TAKE PRECAUTIONS TO KEEP CHILDREN SAFE
Extension Specialist, Family Life Education
Cape Cod Extension
University of Massachusetts
Keeping children safe means planning ahead and taking precautions
in everyday situations. It is easy to take safety for granted
when you've done things over and over, but it only takes a single
mistake for a child to be injured.
- When bathing a small child, test water temperature by putting
your whole hand in the water and moving it around for several
seconds; if the water feels even slightly hot, it's too hot for
- Use safety belts to secure a child in a high chair, and make
sure the chair is on a level surface. Place cribs or playpens
away from windows and stairs. Remember that hand-me-down cribs
may not meet current safety standards. Make sure the mattress
fits snugly to the sides of a crib or place bumper pads in the
space so that an infant's head can't get caught in between.
- Stay with a child who is in or near water. A child can drown
in only one inch of water.
- Surround swimming pools with high fences and locking gates.
It's the law in most states!
- Keep electrical appliances away from tubs and sinks. To prevent
shocks, install ground fault circuit interrupters in bathroom
and kitchen outlets.
- Install padded carpets at the foot of all staircases.
- Replace automatic garage doors that do not reverse if lowered
onto a person or object.
- Keep portable heaters away from play areas, curtains, and
- Put pots and pans on rear burners. Turn pot handles toward
the back of the stove. Keep hot foods away from the edge of tables
and counters. Serve hot foods from counters, not from tables
with tablecloths that small children can pull.
- Keep toothpicks out of the reach of children to avoid eye
and ear injuries.
- Supervise children using the microwave oven or the range.
Food heated in a microwave oven has "hot spots" and
may feel warm on the outside but is scalding on the inside. While
containers remain cool or warm, contents may be hot enough to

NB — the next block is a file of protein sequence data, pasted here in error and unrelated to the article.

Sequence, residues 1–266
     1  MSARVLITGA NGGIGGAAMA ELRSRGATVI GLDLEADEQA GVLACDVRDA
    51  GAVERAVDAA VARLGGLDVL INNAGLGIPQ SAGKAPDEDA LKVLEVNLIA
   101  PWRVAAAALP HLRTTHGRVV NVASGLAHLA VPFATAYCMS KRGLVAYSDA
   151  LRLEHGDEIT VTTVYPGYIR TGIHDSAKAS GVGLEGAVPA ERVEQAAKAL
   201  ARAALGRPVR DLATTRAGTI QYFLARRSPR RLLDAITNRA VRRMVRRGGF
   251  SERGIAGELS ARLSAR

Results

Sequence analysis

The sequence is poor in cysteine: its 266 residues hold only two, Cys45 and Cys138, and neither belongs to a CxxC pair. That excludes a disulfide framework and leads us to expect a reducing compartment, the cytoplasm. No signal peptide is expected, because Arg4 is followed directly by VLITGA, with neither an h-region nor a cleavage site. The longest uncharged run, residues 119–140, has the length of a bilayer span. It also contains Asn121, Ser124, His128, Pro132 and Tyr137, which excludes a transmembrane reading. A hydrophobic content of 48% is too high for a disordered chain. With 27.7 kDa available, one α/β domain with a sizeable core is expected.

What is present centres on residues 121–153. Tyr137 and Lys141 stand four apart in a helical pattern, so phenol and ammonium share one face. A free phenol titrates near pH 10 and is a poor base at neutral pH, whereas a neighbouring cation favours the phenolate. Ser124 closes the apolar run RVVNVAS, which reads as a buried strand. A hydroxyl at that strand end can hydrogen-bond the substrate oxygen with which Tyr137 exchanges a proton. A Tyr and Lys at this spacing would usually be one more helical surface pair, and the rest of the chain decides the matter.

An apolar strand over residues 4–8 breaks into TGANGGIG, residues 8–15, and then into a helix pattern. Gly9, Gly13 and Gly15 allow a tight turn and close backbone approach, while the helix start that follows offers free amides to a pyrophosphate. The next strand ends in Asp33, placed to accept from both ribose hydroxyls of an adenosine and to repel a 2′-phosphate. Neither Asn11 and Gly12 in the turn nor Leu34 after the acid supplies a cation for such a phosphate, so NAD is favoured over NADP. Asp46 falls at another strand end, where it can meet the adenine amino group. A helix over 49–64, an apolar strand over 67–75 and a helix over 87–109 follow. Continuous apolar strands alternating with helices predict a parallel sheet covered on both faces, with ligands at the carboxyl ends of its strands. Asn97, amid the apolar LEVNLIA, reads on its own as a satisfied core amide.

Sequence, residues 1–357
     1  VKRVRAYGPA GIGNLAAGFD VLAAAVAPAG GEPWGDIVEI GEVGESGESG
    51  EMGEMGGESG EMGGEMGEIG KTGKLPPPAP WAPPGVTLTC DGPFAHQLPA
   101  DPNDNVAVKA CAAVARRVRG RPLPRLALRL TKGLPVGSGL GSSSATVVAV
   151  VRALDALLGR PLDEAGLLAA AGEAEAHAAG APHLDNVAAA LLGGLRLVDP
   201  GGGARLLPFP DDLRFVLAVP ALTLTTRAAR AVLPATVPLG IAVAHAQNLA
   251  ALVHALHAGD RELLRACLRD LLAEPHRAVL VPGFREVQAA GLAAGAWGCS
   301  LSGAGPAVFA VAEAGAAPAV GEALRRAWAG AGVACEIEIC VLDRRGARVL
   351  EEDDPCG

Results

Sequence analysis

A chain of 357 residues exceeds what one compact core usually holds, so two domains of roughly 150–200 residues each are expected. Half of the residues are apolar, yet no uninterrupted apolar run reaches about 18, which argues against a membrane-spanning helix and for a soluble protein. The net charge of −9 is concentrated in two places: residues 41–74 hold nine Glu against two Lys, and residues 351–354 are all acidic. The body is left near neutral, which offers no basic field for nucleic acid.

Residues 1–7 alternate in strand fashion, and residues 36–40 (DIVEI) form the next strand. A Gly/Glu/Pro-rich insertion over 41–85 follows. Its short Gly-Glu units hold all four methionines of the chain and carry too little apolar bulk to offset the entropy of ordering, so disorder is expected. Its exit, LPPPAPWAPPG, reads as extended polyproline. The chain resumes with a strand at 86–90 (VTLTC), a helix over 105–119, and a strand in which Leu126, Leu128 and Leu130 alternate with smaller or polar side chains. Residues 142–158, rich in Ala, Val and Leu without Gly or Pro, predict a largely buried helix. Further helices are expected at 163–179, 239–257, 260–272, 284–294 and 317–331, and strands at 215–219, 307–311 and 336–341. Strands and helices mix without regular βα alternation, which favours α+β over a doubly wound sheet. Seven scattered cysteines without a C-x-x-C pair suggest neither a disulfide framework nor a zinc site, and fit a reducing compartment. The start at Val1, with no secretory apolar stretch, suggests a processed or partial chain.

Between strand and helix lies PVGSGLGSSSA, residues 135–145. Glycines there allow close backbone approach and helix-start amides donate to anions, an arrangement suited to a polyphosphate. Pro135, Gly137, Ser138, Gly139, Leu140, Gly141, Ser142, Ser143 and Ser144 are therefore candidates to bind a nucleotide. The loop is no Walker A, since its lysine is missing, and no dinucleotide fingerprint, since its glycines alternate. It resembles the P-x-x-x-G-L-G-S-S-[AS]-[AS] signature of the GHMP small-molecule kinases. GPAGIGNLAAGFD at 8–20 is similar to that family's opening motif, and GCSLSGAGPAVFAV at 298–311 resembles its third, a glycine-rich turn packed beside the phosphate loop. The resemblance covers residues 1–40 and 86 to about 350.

burn children and adults.
- Don't smoke. Adults' cigarettes are a leading cause of childhood
burns. Keep disposable lighters out of the reach of children.
About 140 children under age five die each year as a result of
playing with these colorful, easy-to-use lighters.
- If you keep a gun in your home, keep it locked up and unloaded,
and store the bullets in a separate location. Every year about
3,000 children die in the United States as a result of gunfire
- intentionally or unintentionally. Most of these shootings involve
- Make sure children's swings, slides, and other outdoor play
equipment are maintained and in safe condition.
- Never shake an infant or young child. A young child's neck
muscles are weak, and shaking can cause brain or spinal-cord
- Don't let children play with plastic bags of any kind.
- Keep toy balloons away from young children. During a 15-year
period, 121 children suffocated after inhaling balloons. Don't
let young children blow up balloons, and don't let children chew
National Network for Child Care - NNCC. Part of CYFERNET, the
National Extension Service
Children Youth and Family Educational Research Network. Permission
is granted to reproduce
these materials in whole or in part for educational purposes only
(not for profit beyond the cost of
reproduction) provided that the author and Network receive acknowledgment
and this notice is
Reprinted with permission from the National Network for Child
Care - NNCC.
(1993). Take precautions to keep children safe. In M. Lopes (Ed.)
CareGiver News (October, p. 4). Amherst, MA: University
Any additions or changes to these materials must be preapproved
by the author .
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University of Massachusetts at Amherst
206 Skinner Hall
Amherst, MA 01003
FORMAT AVAILABLE:: Available only on the
Level 2 - University of Massachusetts Cooperative
DOCUMENT SIZE:: 4 pages
ENTRY DATE:: November 1995
UPDATED:: May 1998